Thursday, January 13, 2011

Building an East Asia Summit That Doesn’t Leave Asean by the Wayside

As the new year begins, Southeast Asia is undoubtedly the place to be. Amid a host of studies of the region’s economic prospects, a study by the Organization for Economic Cooperation and Development clearly suggests reasons for optimism. The six major Asean countries have rebounded from the global economic crisis with medium-term growth prospects returning to pre-crisis levels, the OECD Development Center says in its 2010 Southeast Asian Economic Outlook.

Given the economic recovery underway across the region, it adds, GDP growth will average 6 percent annually across the Asean-6 countries (comprising Indonesia, Malaysia, the Philippines, Singapore, Brunei and Thailand) over the 2011-2015 period, which is about the same level as for the period 2003-2007.

However, Kiichiro Fukasaku, an economist at the center, notes that growth in the future will need to be more balanced across the region. He believes that the global financial crisis offers Southeast Asian countries an opportunity to rethink the growth strategies that they employed in the past and to define new development objectives.

Both regional integration and national efforts would contribute to promoting more balanced growth in the region.

Regional economic integration is an essential component of the wider political and strategic role that Southeast Asia should continue to play in 2011.

Buoyancy and resilience across the region will give it the wherewithal to position itself as the third leg of an Asian triangle that already includes Northeast Asia and South Asia.

Asia’s ability to not only rebound from the 2008 crisis but to actually drive global recovery has much to do with Chinese demand, which powers growth in the rest of the region.

Testimony to the vital relationship is borne by the China-Asean Free Trade Area, the world’s largest free-trade area embracing developing countries.

The FTA covers a population of 1.9 billion and involves about $4.5 trillion in trade volume.

India’s growth is a second engine for Asia.

As the country continues to liberalize, its economic and high-end human resources are becoming regional assets as well.

Thus, the Asean-India Trade in Goods Agreement was signed in Bangkok in August 2009 after six years of negotiations.

It paved the way for the creation of one of the world’s largest FTAs — a market of almost 1.8 billion people with a combined GDP of $2.8 trillion.

The FTAs dramatize Asean’s fortuitous role as the overlap in China’s and India’s immediate areas of economic influence.

The agreements also give the two Asian powers a genuine stake in the economic future of the region that lies between them.

Unfortunately, the same can hardly be said about the strategic environment in which Asean operates.

China’s economic and cultural charm offensive in Southeast Asia had an unnerving encounter with strategic reality last year when Beijing declared the South China Sea to be a core interest, implying not so subtly that Beijing’s maritime claims had the same national status as its relations with Taiwan and its ownership of Tibet.

What was involved was an issue of sovereignty, which is nonnegotiable by definition and is underpinned by the availability of force and the readiness to use it if deemed necessary.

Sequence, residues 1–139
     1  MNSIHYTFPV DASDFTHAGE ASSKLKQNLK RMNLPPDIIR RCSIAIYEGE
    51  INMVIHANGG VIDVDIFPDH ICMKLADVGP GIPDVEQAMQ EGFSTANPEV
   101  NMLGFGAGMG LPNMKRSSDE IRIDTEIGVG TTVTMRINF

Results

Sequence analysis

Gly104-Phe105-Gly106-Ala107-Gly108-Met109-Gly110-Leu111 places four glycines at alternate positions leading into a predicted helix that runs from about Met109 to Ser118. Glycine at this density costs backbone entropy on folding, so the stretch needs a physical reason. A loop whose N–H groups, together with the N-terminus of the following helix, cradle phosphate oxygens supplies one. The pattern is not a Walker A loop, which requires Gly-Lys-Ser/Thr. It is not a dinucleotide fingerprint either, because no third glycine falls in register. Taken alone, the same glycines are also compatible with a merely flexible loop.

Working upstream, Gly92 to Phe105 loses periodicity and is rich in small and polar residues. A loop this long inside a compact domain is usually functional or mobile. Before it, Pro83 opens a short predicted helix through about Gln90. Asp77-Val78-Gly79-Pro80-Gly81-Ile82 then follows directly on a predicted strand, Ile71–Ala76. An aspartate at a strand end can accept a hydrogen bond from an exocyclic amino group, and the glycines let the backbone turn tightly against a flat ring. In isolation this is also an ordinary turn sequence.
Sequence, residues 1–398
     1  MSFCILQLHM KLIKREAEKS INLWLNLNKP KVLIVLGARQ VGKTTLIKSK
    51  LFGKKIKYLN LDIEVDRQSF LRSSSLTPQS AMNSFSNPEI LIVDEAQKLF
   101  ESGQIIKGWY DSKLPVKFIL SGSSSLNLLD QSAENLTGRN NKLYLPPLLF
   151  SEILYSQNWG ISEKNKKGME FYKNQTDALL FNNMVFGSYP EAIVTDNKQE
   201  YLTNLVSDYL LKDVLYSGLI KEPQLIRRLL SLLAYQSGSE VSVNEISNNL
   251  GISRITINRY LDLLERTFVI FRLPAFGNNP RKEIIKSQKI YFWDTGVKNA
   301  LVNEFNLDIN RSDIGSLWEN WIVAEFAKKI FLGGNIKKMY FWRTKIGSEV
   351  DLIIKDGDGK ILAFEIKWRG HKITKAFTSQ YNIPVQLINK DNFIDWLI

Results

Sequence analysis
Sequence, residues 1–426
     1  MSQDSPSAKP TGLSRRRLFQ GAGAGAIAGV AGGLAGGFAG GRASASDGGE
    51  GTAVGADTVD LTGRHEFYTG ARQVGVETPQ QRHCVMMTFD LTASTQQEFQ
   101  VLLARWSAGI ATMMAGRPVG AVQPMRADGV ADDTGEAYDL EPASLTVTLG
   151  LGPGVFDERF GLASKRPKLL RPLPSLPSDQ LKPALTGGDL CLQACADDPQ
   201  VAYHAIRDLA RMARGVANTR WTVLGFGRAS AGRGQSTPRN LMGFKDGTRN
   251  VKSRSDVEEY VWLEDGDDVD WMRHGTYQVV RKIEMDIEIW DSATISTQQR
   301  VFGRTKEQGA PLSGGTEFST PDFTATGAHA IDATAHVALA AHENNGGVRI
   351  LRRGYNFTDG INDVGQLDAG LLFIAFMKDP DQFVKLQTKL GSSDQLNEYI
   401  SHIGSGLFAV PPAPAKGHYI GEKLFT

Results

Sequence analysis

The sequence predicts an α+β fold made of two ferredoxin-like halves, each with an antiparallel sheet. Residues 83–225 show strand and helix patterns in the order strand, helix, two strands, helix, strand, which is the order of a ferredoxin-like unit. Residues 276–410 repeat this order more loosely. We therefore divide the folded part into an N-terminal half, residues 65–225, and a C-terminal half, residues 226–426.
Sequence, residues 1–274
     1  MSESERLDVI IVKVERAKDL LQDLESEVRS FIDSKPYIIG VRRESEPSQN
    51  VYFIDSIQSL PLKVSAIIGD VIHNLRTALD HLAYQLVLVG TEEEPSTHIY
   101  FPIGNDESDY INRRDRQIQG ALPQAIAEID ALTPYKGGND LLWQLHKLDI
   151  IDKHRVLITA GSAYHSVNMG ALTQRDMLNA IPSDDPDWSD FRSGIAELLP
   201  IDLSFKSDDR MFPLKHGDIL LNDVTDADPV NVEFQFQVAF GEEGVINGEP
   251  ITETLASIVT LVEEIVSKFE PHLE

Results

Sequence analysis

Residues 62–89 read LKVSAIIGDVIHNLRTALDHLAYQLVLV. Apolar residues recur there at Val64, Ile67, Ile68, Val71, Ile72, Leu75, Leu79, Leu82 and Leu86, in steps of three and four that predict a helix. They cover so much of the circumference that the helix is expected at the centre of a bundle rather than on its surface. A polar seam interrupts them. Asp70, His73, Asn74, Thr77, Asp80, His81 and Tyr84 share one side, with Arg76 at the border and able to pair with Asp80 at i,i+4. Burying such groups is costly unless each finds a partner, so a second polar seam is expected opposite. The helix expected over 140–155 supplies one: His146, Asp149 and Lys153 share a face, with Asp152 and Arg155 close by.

Beijing made matters worse by saying it was a fact of life that there are large countries and small countries.

Whether that brusque declaration was a diplomatic faux pas or a Freudian slip remains to be seen, but Asean could not but take note of the new tone in China’s voice.

While the claims and counterclaims in the South China Sea continue to be debated exhaustively, what worries Southeast Asia is a Chinese assertiveness that puts a question mark over Beijing’s constant reminders that China’s development is peaceful.

China has exercised damage control by assuring its Asian neighbors that, as “a member of the Asian community, China sees all countries, big and small, as equals.”

This is a welcome statement to whose spirit and letter small Asean countries will hold big China. The new year will see how China lives up to its promise.

Ironically, Beijing helped to unify Asean countries — including those that are not claimants in the South China Sea dispute — by its linguistic show of force.

The speed with which these countries turned to the United States revealed yet again America’s irreplaceable position in the Asian hierarchy: As security guarantor of last resort.

The prompt and firm American response to the Chinese stance buttressed Washington’s credibility in Asia in the aftermath of its bruising experiences in Afghanistan and Iraq.

Looking ahead, it is important to note that while realpolitik-driven developments will continue to occur, Asia needs more coherent multilateral institutions to build confidence among its members and create new codes of conduct that sustain the peace.

Here, the expansion of the East Asia Summit process to include the United States and Russia would widen a circle of prosperity, stability and security that now embraces the 10 Asean member states and China, Japan, South Korea, India, Australia and New Zealand.

However, Asean’s centrality must be preserved in the new institution if the great powers want a relatively small and certainly nonthreatening group of nations to mediate in an emerging Asian balance of power between global heavyweights, led by the United States, and the emergent or emerging regional heavyweights of China and India.

If this rebalancing occurs peacefully, Asean’s economic integration will find fulfillment in the creation of a larger Asian sphere of prosperity and security.

By Derwin Pereira who heads Pereira International, a Singapore-based consulting company. Jakarta Globe

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